Processing - Green tea comes from the same plant as black tea, but it is processed differently. Green tea, however, is not fermented like black tea. Green tea leaves are laid out to wither for about 8 to 24 hours after plucking to allow most of the water to evaporate. Next, to prevent the oxidation (fermentation) process, the leaves are steamed or pan fried. Finally the leaves are rolled and then dried again, unlike black tea leaves, which are cut.

Flavor - Because green tea is in a very natural state, it tastes more plant like than black tea. Most people describe green tea as having a somewhat "grassy" taste. It is green and somewhat pale in color, and can become bitter if over brewed. Green tea can have subtleties and differences in aroma and flavor based on the variety of the tea plant and the region in which the tea is grown.

In addition, there are many flavored green teas. Green teas are blended with herbs or fruit to create a wide variety of flavors. Many people who don't enjoy the taste of plain green tea love the combination of green tea with other flavors.

Serving method - Green tea needs cooler water than any other tea for proper brewing. Water for green tea should be heated to about 160°F. It can be enjoyed with sweetener, milk or lemon if you prefer. Green tea can also be enjoyed cold. Keeping a pitcher of iced green tea in your refrigerator lets you enjoy its health benefits all day long.

Caffeine Content - Green tea contains only about half the amount of caffeine as black tea. Black tea contains about 40 mg of caffeine per serving, while green tea contains just 20. In addition, caffeine in tea has been shown to be less likely to cause jitters than other caffeinated beverages.

Health Benefits - Green tea has received a lot of attention in recent years because it has been shown in research to be very effective at preventing many diseases and even in treating some. The natural anti-oxidants in green tea make it one of the most powerful health protectors you can consume as part of your diet. Green tea may be effective in:

Reducing your risk of some forms of cancer - Many different studies have supported the finding that green tea can prevent and possibly even help treat some forms of cancer. The first interest in green tea's health benefits resulted from statistics showing that Asian cultures, where green tea is the most commonly consumed beverage, have the lowest incidences of cancer in the world.

Some studies have even shown that green tea compounds can inhibit the growth of cancer cells, slowing the progress of the disease. It appears that tea may be most effective at preventing bladder, colon, rectal, esophageal, bladder, liver, lung, pancreatic cancer, breast cancer and prostate cancer.

Lowering Cholesterol - Tea has been shown to be effective in lowering LDL cholesterol (the bad cholesterol). It appears that tea's anti-oxidants work with HDL cholesterol to help transport bad cholesterol to the liver, where it can be passed from the body. Tea also appears to inhibit the formation of abnormal blood clots, which are the leading cause of heart attacks and strokes.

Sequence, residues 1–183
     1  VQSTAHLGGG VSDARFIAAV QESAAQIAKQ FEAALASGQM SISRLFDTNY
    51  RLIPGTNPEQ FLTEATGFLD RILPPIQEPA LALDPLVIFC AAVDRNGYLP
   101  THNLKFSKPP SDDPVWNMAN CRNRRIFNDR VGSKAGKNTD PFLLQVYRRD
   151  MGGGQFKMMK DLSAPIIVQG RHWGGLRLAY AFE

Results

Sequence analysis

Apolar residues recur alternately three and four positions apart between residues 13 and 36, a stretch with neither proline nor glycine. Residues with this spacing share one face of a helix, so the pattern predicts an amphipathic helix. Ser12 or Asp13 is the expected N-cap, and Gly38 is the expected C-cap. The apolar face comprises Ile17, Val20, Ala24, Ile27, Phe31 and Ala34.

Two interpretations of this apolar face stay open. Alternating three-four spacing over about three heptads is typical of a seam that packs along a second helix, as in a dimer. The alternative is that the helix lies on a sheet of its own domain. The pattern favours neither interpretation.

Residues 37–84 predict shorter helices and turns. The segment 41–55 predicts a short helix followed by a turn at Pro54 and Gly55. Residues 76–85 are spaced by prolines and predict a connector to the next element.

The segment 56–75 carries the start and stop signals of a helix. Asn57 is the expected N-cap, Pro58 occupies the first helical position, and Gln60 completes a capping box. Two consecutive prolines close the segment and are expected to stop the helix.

Ease Rheumatoid Arthritis -Tea's anti-oxidants may have the power to help prevent rheumatoid arthritis. In some studies, it has even been suggested that green tea may be able to ease symptoms of those already suffering with this disease.

Help Lose Weight - Tea's combination of catechins and caffeine appear to speed up the metabolism and may help with weight loss. In addition, it appears that using green tea as a diet supplement causes fewer instances of jitteriness and rapid heart rate than other diet supplements. It may also help regulate insulin in the body, which can be beneficial for diabetics. Many studies have shown that lifelong tea drinkers tend to weigh less and have less body fat than non tea drinkers.

Prevent Alzheimer's disease - Studies suggest that tea drinkers may also be less likely to develop Alzheimer's disease. Though the subject requires far more research, it has also been suggested that green tea's potent anti-oxidants may even have the power to slow down the progress of Alzheimer's disease in those already suffering.

Most people in the Western world still drink black tea over green tea. But, as you can see, there are many health reasons to make green tea a part of your regular diet. Green tea may be an important way to protect your health and prevent disease. And, it's delicious, too!
Jon Stout is Chairman of the Golden Moon Tea Company. For more information about tea, green tea and wholesale tea go to goldenmoontea.com

Thursday, May 17, 2007

Green Tea - A Tea from the Far East

Green Tea - A Tea from the Far East
By John Gibb

Green tea is a kind of tea that has been very popular in China and Japan for centuries, and has recently seen a massive explosion in popularity in the West. Its rise is linked in many ways to that of the alternative health movement, which sees green tea as having a range of traditional healing properties and abilities to cure diseases. Although these claims have not been proven, there is documentation for belief in them that goes back over a thousand years.

Some green tea is produced outside China and Japan, but it is mostly considered to be cheap imitations of the ‘real thing’ and not worth paying attention to, with the possible exception of a few Indian teas. Most green tea drinkers still import their tea from the East, considering this to be the best tea, and some green teas have become especially famous, such as Japanese sencha, and the Chinese teas Longjing, Hou Kui, Piluochun, and many more besides. Although most supermarkets still only stock one form of generic ‘green tea’, which is usually of very poor quality, health food and herbal shops will generally have a whole range of high-quality, albeit expensive, green teas to choose from.

In Japan, green tea is used as part of a ‘tea ceremony’, a Buddhist tradition where tea is specially prepared and served to the people present. Participating in the ceremony at all requires intimate knowledge of how it works, meaning that few non-Japanese have ever done so. Tea holds an interesting place in Chinese culture, too, with making tea often being used as a means of non-verbal communication to express sentiments like “I’m sorry” or “thank you”. The mythos surrounding tea in Eastern cultures allows the Western green tea drinker to feel that they are taking part in something ancient, traditional and mysterious simply by drinking green tea, and to a certain extent they are.
John Gibb is the owner of green tea resources For more information on green tea please check out http://www.green-tea-guidance.info